Silo Busting

There’s a nice piece (subscription required) in the "intelligence" section of the March Associations Now by Dale Gaddy of the American Chemical Society about how they avoid "silos" in their organization. Unlike most associations, they have nearly 2,000 (!) employees, so silos are a big risk there. Gaddy has a nice bulleted list of things to do to avoid silos, but my favorite quote is this:

At ACS, leaders have found that the key to avoiding the isolation and proliferation of silos is to drive the process. ACS’ executive director and senior management team take the wheel to ensure that money and time is allocated for encouraging employees from various units to share information regularly.

This approach translates to many meetings throughout the year–and meetings translate to dollars.

It’s not enough just to declare that people should work cross-functionally. You need to give them time to do it. The results, according to Gaddy: "fewer gaps, overlaps, and fumbles, and, ultimately greater member service."


  1. 20.04.2006 at 3:42 pm

    This is kind of interesting to me b/c it sort of relates to problems I’ve observed in my last two positions. In these cases, the organizations are quite small (fewer than 10 employees) and so there’s this kind of “we all help each other out,” attitude that is prevalent. Fine. But in reality there end up being huge issues with people not thinking clearly about process, and then this degrades into personal issues. And these have not been small problems. So, far from being siloed, I’m all like, let’s get some boundaries into place. Is that a reasonable thought or should it go the other way and have it be more open to sharing?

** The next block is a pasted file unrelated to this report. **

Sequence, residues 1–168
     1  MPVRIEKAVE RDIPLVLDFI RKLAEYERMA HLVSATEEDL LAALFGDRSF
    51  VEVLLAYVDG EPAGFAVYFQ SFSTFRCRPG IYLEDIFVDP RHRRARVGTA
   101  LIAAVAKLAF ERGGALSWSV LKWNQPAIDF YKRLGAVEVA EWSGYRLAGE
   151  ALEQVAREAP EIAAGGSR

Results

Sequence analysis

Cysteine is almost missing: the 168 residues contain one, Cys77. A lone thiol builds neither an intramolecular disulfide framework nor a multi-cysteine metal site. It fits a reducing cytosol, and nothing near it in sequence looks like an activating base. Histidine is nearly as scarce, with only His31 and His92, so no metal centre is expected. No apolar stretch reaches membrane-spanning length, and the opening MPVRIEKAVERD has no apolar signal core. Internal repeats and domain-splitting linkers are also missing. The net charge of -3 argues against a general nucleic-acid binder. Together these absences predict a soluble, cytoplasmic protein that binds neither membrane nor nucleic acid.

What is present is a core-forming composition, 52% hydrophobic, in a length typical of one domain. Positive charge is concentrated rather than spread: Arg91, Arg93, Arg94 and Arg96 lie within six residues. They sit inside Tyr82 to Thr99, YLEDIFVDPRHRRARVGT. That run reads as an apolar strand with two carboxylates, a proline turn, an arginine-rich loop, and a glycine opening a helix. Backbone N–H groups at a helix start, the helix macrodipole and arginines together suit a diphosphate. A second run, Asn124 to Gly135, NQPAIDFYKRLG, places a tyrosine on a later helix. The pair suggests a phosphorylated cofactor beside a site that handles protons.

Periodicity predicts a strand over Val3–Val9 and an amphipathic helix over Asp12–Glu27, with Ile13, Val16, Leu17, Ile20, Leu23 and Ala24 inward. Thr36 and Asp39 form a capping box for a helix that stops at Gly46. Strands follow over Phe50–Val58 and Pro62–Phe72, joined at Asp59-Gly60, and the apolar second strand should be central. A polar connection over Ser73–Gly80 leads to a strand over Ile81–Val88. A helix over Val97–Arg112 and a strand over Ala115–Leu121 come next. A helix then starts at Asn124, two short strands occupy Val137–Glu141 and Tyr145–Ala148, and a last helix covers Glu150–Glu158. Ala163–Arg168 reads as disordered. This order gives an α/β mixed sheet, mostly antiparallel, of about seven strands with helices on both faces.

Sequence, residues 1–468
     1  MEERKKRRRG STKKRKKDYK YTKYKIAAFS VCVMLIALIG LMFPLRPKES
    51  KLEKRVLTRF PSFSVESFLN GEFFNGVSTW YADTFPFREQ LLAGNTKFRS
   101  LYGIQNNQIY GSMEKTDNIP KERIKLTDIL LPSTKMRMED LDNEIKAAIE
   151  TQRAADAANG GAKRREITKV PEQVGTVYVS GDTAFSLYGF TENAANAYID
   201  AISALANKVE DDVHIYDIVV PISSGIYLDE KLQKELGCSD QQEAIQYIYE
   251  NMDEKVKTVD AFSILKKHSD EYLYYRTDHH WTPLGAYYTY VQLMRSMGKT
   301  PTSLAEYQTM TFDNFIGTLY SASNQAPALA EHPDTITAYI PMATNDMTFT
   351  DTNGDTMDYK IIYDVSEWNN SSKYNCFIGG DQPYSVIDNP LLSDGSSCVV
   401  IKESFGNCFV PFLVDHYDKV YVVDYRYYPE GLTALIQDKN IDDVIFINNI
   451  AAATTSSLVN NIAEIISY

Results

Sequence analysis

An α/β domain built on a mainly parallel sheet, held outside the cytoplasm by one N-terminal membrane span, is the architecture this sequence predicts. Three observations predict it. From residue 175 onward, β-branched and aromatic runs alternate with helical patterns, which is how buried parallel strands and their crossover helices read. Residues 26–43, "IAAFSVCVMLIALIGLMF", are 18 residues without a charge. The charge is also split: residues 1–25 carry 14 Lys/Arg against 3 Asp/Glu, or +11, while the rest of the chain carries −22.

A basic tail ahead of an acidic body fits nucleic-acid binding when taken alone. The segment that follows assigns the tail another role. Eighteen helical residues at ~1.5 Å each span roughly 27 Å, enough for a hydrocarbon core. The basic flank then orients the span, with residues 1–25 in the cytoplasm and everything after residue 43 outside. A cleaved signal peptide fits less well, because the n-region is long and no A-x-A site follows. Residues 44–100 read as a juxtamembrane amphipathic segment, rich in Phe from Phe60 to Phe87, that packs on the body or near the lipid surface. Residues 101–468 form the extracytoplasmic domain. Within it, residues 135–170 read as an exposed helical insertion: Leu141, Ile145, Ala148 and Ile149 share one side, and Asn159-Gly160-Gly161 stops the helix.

2. 21.04.2006 at 9:07 am

    Good point, Nick. Although silos can be stifling, there are good reasons for their existence in the first place. Division of labor is efficient, and clarity about an effective process is always better than no clarity. Boundaries are good, as long as they are permeable in terms of information. It’s interesting that BOTH strong silos and invisible boundaries can so easily lead to issues being defined as “personal.” Wherever you end up on the silo/open spectrum, you still need to be able to separate out structural from interpersonal issues. So, bottom line: yes, it’s a reasonable thought to have some boundaries, but you as a group need to figure out what they are and what their purpose really is (that is usually unspoken, and can cause trouble later if not made explicit).